Text: James Kirke Paulding to Edgar Allan Poe — March 17, 1836


New York, 17th March, 1836.

Dear Sir, — In compliance with your wishes, it would have afforded me much pleasure to propose the publication of your book to some one respectable Bookseller of this city. But the truth is, there is only one other, who publishes anything but School Books, religious works and the like, and with him, I am not on terms that would make it agreeable to me, to make any proposition of this nature, either in my own behalf or that of another. I have therefore placed your work in the hands of Messrs. Harpers to forward with a Box of Books they are sending to Richmond in a few days, and I hope it will come safely to hand.

I think it would be worth your while, if other engagements permit, to undertake a Tale in a couple of volumes, for that is the magical number. There is a great dearth of good writers at present both in England and this country, while the number of readers and purchasers of Books, is daily increasing, so that the demand is greater than the supply, in mercantile phrase. Not one work in ten now published in England, will bear republication here. You would be surprised at their excessive mediocrity. I am of opinion that a work of yours, would at least bring you a handsome remuneration, though it might not repay your labours, or meet its merits. Should you write such a work, your best way will be to forward the MS directly to the Harpers, who will be I presume governed by the judgment of their Reader, also from long experience can tell almost to a certainty what will succeed. I am destitute of this valuable instinct, and my opinion counts for nothing with publishers. In other respects you may command my good offices.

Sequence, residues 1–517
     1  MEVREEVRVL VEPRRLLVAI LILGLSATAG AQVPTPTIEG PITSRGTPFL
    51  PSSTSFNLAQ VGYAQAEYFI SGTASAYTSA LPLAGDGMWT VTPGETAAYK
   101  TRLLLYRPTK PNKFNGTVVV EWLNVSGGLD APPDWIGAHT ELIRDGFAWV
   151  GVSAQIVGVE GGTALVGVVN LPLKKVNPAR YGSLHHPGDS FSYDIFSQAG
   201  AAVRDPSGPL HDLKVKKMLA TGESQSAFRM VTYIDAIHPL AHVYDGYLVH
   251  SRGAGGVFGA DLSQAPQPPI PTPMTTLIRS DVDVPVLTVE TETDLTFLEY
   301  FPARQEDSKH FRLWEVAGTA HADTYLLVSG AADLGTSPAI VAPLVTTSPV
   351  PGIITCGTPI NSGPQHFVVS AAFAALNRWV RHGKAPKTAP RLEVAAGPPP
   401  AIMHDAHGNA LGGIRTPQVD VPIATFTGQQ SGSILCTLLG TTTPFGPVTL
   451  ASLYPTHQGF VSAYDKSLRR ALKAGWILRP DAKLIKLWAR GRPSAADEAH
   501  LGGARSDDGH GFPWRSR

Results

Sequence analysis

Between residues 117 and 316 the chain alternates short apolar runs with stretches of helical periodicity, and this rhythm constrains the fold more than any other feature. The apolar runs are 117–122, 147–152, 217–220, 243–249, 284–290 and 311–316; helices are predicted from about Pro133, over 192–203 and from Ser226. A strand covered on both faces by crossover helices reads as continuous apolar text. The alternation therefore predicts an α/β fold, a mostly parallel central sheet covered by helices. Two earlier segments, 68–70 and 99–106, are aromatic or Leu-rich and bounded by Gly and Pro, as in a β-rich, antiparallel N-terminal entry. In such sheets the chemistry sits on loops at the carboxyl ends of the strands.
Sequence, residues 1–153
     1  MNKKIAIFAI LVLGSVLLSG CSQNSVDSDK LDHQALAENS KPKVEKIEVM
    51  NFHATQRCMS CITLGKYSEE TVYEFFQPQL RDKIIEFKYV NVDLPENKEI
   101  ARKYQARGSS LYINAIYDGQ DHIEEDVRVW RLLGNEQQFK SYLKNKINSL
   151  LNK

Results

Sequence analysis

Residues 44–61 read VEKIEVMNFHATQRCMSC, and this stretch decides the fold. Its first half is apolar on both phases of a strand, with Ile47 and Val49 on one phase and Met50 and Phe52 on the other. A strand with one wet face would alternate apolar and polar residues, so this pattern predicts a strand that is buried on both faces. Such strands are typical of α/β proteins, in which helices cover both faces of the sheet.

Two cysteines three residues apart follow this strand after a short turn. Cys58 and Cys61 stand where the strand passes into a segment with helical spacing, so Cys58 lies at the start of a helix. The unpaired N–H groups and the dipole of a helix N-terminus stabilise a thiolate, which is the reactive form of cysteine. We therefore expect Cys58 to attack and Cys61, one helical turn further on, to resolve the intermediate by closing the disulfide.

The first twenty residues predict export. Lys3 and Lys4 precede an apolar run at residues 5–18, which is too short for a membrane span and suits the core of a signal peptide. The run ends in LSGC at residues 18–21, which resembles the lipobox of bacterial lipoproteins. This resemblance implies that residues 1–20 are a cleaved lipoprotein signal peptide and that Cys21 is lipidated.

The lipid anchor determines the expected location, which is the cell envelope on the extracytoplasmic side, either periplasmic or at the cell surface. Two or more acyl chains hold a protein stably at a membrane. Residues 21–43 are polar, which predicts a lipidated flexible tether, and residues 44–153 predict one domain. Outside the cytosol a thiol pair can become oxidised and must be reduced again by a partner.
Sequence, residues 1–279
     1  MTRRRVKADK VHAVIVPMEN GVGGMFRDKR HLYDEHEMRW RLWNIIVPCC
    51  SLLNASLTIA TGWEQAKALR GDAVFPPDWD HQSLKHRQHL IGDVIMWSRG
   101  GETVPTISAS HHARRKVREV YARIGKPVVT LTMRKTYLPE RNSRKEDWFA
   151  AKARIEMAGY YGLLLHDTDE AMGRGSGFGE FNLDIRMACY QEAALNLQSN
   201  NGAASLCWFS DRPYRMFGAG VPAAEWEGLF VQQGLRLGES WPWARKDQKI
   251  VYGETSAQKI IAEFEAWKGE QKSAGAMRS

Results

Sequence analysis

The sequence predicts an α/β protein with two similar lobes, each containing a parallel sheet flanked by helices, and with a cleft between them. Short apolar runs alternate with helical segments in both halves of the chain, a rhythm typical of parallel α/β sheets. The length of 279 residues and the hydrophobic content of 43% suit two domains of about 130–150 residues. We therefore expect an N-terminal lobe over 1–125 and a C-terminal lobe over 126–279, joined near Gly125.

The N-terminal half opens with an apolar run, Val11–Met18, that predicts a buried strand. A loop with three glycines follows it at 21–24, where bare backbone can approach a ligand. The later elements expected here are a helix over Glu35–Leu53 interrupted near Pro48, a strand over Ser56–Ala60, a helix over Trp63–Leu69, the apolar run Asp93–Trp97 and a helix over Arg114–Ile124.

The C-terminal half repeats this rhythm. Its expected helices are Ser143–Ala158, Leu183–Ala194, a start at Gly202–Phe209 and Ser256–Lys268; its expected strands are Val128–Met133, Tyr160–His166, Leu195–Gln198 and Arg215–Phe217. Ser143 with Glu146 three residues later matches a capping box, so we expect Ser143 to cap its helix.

I am Dr Sir,

Your friend & Servt,
J. K. Paulding.

Mr. Edgar A. Poe,






[S:0 - MS, 18xx] - Edgar Allan Poe Society of Baltimore - Misc - Letters - J. K. Paulding to Poe (RCL128)